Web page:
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HomeAwardsCinematographer Masanobu Takayanagi & Editor Tom Cross - Hostiles

Cinematographer Masanobu Takayanagi & Editor Tom Cross – Hostiles


(Left to Right) Jonathan Majors as Corp. Henry Woodsen, Christian Bale as Capt. Joseph Blocker, Rory Cochrane as Master Sgt. Thomas Metz

Hostiles is a riveting Western set in 1892, as Captain Joseph Blocker (Christian Bale) is assigned to escort dying Cheyenne Chief Yellow Hawk (Wes Studi) and his family from New Mexico back to his homeland in Montana. Rosalie Quaid (Rosamund Pike) is suddenly thrusted into this journey with Blocker and Yellow Hawk as her family was ambushed and murdered by a Comanche tribe. Hostiles is the fourth film from director Scott Cooper (Black Mass, Out of the Furnace, Crazy Heart). Cooper brought on trusted crew members cinematographer Masanobu Takayanagi (Black Mass, Spotlight, Out of the Furnace) and editor Tom Cross (La La Land, Joy, Whiplash) to achieve this powerful gripping film.

The 1800s look was a collaboration of every department from camera, lighting, production design, location, costume, and makeup. Much research was presented throughout the production. As they scouted locations, those locations started inspiring them as the 1800s look grew with every element coming together.

Takayanagi detailed his process regarding lighting and the elements of nature. “My approach was to light the night scenes evenly. I had a big light from above, getting a very even low ambience level. The firepits and lamps are the motivation to give the glow on the face of the subjects. Most of the rain seen in the movie was artificially created. When it actually did rain and lightning, we had to stop production 2-3 times. I kind of embraced what the sun gave us, there was some beauty in it.”

Rosamund Pike as Rosalie Quaid (left) and Christian Bale as Capt. Joseph Blocker (right)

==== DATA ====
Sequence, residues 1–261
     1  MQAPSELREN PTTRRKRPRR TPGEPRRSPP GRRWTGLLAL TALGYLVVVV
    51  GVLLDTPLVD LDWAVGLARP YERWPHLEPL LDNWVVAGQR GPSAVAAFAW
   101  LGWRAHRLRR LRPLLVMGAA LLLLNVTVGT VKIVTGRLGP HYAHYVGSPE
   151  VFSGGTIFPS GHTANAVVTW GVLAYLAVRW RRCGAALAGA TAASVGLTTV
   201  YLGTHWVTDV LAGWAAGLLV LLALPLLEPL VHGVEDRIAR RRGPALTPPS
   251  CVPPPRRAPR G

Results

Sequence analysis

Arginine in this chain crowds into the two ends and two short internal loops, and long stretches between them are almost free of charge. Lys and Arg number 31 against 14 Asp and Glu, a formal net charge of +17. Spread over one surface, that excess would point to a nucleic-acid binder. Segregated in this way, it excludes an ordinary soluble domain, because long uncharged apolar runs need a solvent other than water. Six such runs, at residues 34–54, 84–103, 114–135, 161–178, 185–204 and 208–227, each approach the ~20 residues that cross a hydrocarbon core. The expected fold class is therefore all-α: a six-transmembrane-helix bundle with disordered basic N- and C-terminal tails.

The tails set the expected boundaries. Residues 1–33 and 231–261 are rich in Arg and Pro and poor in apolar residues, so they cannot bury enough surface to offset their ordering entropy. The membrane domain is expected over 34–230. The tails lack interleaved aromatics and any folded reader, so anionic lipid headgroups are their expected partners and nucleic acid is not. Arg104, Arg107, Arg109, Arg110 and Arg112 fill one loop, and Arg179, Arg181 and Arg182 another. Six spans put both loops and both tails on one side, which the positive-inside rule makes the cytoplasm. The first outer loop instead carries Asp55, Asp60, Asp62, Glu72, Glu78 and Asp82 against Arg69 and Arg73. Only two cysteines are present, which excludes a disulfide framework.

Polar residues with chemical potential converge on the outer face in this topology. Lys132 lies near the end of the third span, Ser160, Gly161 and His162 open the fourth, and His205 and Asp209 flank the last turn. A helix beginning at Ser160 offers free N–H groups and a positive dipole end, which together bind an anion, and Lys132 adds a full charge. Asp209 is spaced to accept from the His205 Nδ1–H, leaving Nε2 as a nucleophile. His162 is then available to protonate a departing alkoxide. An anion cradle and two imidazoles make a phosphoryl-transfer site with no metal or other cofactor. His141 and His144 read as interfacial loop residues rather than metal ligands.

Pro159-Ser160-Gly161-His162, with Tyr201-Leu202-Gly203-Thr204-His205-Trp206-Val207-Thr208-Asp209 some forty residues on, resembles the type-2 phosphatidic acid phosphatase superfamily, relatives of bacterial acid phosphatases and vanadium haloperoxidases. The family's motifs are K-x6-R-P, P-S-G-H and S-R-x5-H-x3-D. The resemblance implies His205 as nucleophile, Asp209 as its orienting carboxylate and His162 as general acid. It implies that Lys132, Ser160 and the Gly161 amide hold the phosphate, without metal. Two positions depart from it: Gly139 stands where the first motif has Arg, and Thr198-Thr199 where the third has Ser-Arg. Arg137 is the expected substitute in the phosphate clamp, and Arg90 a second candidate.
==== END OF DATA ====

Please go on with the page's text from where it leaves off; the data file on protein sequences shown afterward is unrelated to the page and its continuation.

Rosamund Pike as Rosalie Quaid (left) and Christian Bale as Capt. Joseph Blocker (right)

The editing seamlessly intertwined with the photography with beautiful wide and landscape shots that could be extended out in one long take as it provided more opportunity for exploring a well composed frame. Cross edified, “That was because Scott really wanted to put the audience in this time and place. He wanted to luxuriate in these beautiful landscapes to let the West dictate how we told the story and how we cut from the shots that his cinematographer had captured. They lent themselves to a lot of dissolves and superimposition and that in turn helped the psychological element.”

John Benjamin Hickey as Capt. Royce Tolan (left) with Christian Bale as Capt. Joseph Blocker (right)
John Benjamin Hickey as Capt. Royce Tolan (left) with Christian Bale as Capt. Joseph Blocker (right)

The cinematography provides the editing process with various choices within the group scenes. The cinematographer elaborated, “Most of the campfire scenes were multi-camera coverage. This was probably the most shot listed movie that Scott and I did together, just because of the nature of shooting out in the exterior.” The editor continued, “One of the big challenges is to really keep every character alive. If you don’t show a character for a certain amount of time, you have to have a good reason. Likewise, similarly you have good reasons to cut to the characters. All of the performances were so strong and I could hold on any number of characters, and it would hold the attention. The key for putting those scenes together was to remember what is the goal of the scene, what am I trying to get out of this, what plot do I need to know.”

(Left to Right) Makayah Crowfoot as Apache Girl, Q'orianka Kilcher as Elk Woman, Rosamund Pike as Rosalie Quaid, Tanaya Beatty as Living Woman
(Left to Right) Makayah Crowfoot as Apache Girl, Q’orianka Kilcher as Elk Woman, Rosamund Pike as Rosalie Quaid, Tanaya Beatty as Living Woman

The point of view changed. In the beginning, Scott’s strategy was to hold back on showing close-ups of Yellow Hawk and his family. He didn’t want to let the audience empathize, but show those characters through the eyes of Captain Blocker and of Rosalie. What helped was showing the Cheyenne more objectively. We knew that the place we wanted to end up in the journey would have more emotional power and weight if we held back from showing too many sides of Yellow Hawk’s character to begin with. Those pieces had to be earned through the duration of the journey,” Cross concluded.

Hostiles is a stirring film that combines the power of gorgeous cinematography and precisely timed editing working uniformly to heighten the realism of every character by painting heart-rending performances to transmit empathy to the audience as they are transplanted into 1892 in direct correspondence to the characters, for the betterment of the story. The very essence of Hostiles is to demonstrate that people are capable of recognizing a common ground and have the capacity to come together to prevail. 

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